Have you ever noticed the leaves on your spinach and Swiss chard turning yellow and wilting, combined with dark spots and paper-thin spots on your leaves? Years ago when we first started growing spinach and Swiss chard consistently this issue started showing up. The first couple of years it really wasn’t a big problem so I kind of just ignored it, that was a BIG mistake. It turns out the problem is one that is actually quite common in our area, Leaf Miners!! Dealing with leaf miners in your garden can be a big challenge!
Back in 2011 when I attended my Utah State University Master Gardener class we had an entire evening where the subject was Entomology (the study of insects). This was perfect timing for me and I got my answer right in class. Dealing with leaf miners is something many gardeners have to do.
A leaf miner is actually the larval form of an adult bug that looks a lot like a small housefly. If you look closely in the photo above you will see some small flies, these are the adult form of the insect.
It is called a leaf “miner” because it actually burrows between the layers of the leaf and feeds inside the leaf, leaving an empty pocket behind. Leaf miners are one of the top 10 pest insects of vegetables in our state. Our variety of leaf miners is actually kind of boring. They hollow out the entire leaf leaving two paper-thin layers. In some areas, leaf miners are a little more interesting, they dig long fun tunnels in the leaves. Google “photos of leaf miners” some time and you can see the interesting patterns some dig!
You identify a leaf miner infestation by the large blotches in the leaves of spinach, beets, Swiss chard, and other related plants. The leaves will eventually dry up and die. Dealing with leaf miners is most difficult in plants you harvest solely for the leaves. The problem is a little less major in plants like beets where you can eat the root as well.
This is the aftermath of one leaf miner in this spinach leaf, I’ve separated the two halves of the leaf in this picture so you can see what they do.
You can also find the actual larva inside the leaves. Just pull off a leaf and feel around for a small lump.
Here’s a shot of one I caught in the act!!
Early identification can fix most problems. Look at the underside of the leaves for small white eggs.
Simply crush them to keep them from hatching.
Usually, leaf miners only have a couple of generations per year and are more common in the spring. But the conditions in my cold frames are ideal for them and they can have a second or third generation in the fall which is my current problem.
Spraying for these insects is not recommended. That usually makes the problem worse by removing the beneficial insects that prey on the larva. Usually, the local predators can take care of your problem for you if you give them some help by practicing good cultural methods. The following is a quick list of good cultural methods that will help you when you are dealing with leaf miners in your garden without spraying:
Crop Rotation – moving plating locations from year to year will help. If the adult flies emerge next year and can’t find the plants they like, the population will be greatly reduced. I think this is my biggest problem. Even though I rotate where my spinach and chard are planted each year the plantings are still quite close together. The leaf miner is also more prevalent in areas where spinach is overwintered.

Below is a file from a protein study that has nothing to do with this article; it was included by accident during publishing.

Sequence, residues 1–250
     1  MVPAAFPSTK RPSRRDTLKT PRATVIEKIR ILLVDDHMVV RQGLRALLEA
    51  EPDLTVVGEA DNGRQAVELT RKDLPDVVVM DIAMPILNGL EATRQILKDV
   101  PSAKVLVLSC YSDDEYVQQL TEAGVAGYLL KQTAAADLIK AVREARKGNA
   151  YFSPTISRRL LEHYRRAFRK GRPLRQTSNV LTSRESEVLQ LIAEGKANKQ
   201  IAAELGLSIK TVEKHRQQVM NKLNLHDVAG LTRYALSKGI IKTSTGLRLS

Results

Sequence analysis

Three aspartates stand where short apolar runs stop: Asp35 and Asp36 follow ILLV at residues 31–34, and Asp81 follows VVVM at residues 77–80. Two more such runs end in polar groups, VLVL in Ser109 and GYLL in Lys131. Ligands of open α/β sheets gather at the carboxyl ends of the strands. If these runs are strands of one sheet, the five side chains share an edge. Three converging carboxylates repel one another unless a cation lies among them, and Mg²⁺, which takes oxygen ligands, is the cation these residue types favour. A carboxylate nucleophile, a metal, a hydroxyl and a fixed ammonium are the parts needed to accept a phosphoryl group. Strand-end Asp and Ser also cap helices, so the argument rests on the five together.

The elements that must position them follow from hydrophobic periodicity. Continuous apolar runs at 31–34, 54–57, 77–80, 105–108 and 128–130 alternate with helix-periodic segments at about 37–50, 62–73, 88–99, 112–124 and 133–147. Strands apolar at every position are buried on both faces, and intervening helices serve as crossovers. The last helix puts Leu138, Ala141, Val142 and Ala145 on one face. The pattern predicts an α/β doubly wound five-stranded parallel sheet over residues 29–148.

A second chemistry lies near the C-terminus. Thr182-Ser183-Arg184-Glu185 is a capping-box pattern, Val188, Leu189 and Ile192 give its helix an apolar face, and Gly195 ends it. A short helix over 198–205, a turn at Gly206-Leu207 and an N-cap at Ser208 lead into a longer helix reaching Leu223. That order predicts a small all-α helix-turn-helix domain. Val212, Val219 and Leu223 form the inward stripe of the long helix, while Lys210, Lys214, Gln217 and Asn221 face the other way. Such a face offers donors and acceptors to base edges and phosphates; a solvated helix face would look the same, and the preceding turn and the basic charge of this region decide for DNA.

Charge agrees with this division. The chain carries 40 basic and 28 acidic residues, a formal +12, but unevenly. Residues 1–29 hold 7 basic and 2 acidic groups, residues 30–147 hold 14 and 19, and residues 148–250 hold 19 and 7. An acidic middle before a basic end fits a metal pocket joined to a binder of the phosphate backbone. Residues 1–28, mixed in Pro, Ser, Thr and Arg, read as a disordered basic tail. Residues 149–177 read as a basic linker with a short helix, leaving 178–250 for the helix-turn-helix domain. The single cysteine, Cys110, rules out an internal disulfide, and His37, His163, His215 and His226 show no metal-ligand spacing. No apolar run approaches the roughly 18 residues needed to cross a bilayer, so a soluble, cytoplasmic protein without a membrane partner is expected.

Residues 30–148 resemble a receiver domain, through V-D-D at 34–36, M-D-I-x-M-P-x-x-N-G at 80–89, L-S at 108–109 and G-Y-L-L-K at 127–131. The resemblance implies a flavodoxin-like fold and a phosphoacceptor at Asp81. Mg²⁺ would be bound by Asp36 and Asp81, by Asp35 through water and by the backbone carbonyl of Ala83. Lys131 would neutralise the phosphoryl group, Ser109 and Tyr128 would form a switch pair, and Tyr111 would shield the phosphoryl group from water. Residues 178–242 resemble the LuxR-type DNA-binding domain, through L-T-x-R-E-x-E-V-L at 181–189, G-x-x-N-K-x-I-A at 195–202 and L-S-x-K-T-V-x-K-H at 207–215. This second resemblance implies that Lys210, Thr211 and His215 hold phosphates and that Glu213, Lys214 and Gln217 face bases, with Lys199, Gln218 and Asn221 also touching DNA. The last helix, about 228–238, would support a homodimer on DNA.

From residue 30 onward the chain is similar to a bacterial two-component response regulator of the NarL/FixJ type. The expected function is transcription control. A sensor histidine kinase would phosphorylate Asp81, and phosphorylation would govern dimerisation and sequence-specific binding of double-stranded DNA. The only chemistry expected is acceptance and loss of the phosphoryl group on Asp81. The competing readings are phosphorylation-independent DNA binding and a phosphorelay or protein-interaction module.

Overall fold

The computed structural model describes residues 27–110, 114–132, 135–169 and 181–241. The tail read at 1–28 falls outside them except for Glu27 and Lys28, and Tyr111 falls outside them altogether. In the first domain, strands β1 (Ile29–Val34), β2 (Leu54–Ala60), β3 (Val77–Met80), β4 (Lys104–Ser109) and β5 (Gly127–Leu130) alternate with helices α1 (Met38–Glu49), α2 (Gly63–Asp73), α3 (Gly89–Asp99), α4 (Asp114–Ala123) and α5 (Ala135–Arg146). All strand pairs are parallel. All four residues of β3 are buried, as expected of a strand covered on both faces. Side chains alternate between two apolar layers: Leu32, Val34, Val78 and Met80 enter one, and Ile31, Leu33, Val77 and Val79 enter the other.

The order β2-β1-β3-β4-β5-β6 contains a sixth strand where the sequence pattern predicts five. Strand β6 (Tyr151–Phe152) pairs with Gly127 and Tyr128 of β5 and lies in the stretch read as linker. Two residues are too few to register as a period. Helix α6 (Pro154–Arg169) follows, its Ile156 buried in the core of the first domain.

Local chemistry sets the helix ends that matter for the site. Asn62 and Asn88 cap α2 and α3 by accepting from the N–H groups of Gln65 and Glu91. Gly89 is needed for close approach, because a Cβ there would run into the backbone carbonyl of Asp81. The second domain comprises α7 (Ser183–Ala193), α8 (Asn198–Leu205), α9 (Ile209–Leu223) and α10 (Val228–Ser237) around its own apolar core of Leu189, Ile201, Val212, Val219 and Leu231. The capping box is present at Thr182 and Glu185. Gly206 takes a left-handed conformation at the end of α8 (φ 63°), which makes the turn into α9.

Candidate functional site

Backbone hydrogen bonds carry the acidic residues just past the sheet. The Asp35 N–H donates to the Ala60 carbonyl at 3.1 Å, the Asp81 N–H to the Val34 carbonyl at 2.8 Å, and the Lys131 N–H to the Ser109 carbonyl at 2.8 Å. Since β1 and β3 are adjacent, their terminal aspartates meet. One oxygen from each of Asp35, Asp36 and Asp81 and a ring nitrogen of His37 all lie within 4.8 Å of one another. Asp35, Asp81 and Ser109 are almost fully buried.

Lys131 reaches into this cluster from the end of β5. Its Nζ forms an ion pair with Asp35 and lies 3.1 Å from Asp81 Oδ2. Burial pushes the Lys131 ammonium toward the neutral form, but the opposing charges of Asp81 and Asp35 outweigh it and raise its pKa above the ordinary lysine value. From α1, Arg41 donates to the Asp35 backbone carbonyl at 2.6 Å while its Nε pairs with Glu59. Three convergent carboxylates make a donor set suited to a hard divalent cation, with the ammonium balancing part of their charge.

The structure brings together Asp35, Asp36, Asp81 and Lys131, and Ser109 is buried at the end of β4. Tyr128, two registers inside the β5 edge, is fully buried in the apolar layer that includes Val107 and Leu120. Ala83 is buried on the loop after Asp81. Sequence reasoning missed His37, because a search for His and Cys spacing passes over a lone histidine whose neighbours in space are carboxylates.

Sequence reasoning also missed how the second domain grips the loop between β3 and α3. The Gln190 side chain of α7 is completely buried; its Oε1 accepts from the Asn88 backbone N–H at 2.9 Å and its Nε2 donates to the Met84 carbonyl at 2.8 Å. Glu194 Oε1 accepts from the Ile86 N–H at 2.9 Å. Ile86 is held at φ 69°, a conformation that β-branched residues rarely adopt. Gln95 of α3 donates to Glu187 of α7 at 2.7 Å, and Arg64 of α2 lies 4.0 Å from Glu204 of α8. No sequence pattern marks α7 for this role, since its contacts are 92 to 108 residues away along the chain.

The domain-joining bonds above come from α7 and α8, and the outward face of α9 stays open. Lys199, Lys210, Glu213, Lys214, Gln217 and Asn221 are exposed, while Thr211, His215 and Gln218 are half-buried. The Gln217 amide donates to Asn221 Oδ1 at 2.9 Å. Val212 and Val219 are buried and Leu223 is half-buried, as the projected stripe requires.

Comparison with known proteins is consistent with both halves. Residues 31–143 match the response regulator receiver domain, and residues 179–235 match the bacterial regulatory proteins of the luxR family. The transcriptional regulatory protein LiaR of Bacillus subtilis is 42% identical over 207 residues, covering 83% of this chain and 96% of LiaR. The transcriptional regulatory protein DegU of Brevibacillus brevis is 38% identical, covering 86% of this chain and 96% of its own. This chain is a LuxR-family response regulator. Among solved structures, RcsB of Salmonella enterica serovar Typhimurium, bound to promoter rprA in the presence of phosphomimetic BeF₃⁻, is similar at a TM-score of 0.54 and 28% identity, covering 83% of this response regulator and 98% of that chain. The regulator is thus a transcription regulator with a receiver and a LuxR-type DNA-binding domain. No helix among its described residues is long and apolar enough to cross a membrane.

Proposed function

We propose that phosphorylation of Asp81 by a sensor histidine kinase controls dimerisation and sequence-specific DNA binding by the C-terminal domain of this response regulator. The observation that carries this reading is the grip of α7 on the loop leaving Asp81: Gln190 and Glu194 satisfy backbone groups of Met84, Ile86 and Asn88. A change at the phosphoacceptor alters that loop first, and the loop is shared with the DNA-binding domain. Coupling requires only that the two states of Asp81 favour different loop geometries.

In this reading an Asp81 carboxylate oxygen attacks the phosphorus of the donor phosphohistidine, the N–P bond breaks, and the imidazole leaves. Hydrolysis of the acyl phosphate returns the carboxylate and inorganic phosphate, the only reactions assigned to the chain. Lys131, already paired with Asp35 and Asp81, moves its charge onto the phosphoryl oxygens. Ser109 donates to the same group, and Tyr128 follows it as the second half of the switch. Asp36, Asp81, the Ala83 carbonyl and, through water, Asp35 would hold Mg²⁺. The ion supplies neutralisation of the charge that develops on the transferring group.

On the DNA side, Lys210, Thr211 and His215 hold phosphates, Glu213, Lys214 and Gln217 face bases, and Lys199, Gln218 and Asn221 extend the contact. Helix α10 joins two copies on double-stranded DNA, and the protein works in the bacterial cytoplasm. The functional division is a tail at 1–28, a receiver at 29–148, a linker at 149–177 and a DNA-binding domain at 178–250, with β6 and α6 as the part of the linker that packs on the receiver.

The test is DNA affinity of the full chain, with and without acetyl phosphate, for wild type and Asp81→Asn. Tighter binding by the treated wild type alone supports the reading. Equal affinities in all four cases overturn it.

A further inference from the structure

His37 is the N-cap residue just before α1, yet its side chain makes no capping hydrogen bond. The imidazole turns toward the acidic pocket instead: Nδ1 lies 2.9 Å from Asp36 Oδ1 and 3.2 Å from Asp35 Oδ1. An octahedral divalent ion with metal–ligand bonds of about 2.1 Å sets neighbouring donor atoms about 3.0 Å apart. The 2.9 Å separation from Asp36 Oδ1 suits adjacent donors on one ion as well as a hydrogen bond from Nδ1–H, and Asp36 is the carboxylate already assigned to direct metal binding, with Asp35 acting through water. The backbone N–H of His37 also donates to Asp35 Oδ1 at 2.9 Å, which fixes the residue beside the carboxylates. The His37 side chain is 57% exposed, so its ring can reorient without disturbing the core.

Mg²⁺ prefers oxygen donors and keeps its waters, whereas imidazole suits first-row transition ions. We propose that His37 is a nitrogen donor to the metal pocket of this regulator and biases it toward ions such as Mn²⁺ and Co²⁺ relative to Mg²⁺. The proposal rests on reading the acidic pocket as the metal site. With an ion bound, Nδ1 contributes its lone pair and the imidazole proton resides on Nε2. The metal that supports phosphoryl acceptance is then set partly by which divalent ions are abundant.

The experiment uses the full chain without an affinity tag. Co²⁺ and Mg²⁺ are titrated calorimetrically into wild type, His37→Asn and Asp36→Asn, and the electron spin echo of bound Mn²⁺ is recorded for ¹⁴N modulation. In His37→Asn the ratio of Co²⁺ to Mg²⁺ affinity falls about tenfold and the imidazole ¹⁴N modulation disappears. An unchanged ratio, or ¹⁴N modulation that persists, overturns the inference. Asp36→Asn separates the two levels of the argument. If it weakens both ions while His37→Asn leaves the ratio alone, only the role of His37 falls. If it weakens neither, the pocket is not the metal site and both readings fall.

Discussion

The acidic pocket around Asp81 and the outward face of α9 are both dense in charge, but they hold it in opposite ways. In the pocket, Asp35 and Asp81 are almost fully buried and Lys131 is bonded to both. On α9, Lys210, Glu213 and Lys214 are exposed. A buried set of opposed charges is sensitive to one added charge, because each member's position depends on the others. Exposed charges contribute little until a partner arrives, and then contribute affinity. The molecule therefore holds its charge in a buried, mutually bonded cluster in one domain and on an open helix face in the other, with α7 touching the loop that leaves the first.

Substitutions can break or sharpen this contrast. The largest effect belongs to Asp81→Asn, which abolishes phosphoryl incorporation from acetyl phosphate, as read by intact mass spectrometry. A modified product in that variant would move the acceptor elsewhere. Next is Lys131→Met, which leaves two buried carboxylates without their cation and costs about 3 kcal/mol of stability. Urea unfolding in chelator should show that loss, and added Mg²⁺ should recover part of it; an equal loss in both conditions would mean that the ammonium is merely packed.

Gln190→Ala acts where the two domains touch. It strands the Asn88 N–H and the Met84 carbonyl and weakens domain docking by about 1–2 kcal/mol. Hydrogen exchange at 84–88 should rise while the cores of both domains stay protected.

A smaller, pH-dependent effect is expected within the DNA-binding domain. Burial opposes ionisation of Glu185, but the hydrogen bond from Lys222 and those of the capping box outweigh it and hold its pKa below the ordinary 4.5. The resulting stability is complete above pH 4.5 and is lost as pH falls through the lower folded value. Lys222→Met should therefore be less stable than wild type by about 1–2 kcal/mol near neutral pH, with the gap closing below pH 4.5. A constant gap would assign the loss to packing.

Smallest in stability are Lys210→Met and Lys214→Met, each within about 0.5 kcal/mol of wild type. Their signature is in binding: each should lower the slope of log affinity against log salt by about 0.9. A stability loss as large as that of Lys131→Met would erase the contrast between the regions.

Sanitation – keeping the area clear of plant debris is important. This is especially important with leaf miners. As they overwinter in the soil.
Crop Destruction – removing the infected leaves is a good control for leaf miners, but be sure to remove them completely and destroy them. Don’t put them in the compost bin. I think this is another part of my problem. Last year I didn’t know what the problem was and I will admit to just pulling some of the problem leaves off as I was harvesting and letting them lay in the bed. This allows the larva to finish growing and move to the soil to over winter. This year all the infected leaves are going straight to the chicken coop for a tasty snack for the chicks. If you don’t have this option be sure to throw all the infected leaves away.
Crushing the Eggs – This can be a long tedious process if you have a big infestation. Get out early and look for those eggs and crush them or scrape them off with your fingernail.
Use a barrier – Another effective method for preventing infestations is covering the crop with the lightest weight of a fabric row cover material. These lightweight row covers will keep the pests out (in this case the adult “flies” that lay the eggs), without blocking the sun for your growing plants.
We have found this to be the most effective protection against leaf miners. On the years that we get row cover over the bed as soon as the seedlings emerge, we have almost zero problem with leaf miners. This also cuts down the population for future years! Notice in the photo above, no leaf miners! This also keeps out aphids, but it’s not perfect for other pests like grasshoppers and snails.
Tillage – I’m not a big tiller because I don’t like what tilling does to the soil structure but in some cases, like this one, tilling will expose the bugs to the elements over the cold winter and help reduce the population.
So here’s my plan of action for dealing with leaf miners: Each year I’m going to remove all the infected leaves and destroy them and hope the plants can recover and produce for me in early spring. Each year I’m going to rotate all my spinach and related plants far out of the current growing area. I’m also going to watch closer in the spring and fall for the tell tale white egg masses on the leaves and destroy them before they hatch.
If you would like more information on dealing with leaf miners you can read a great fact sheet published by Colorado State University by clicking on this link.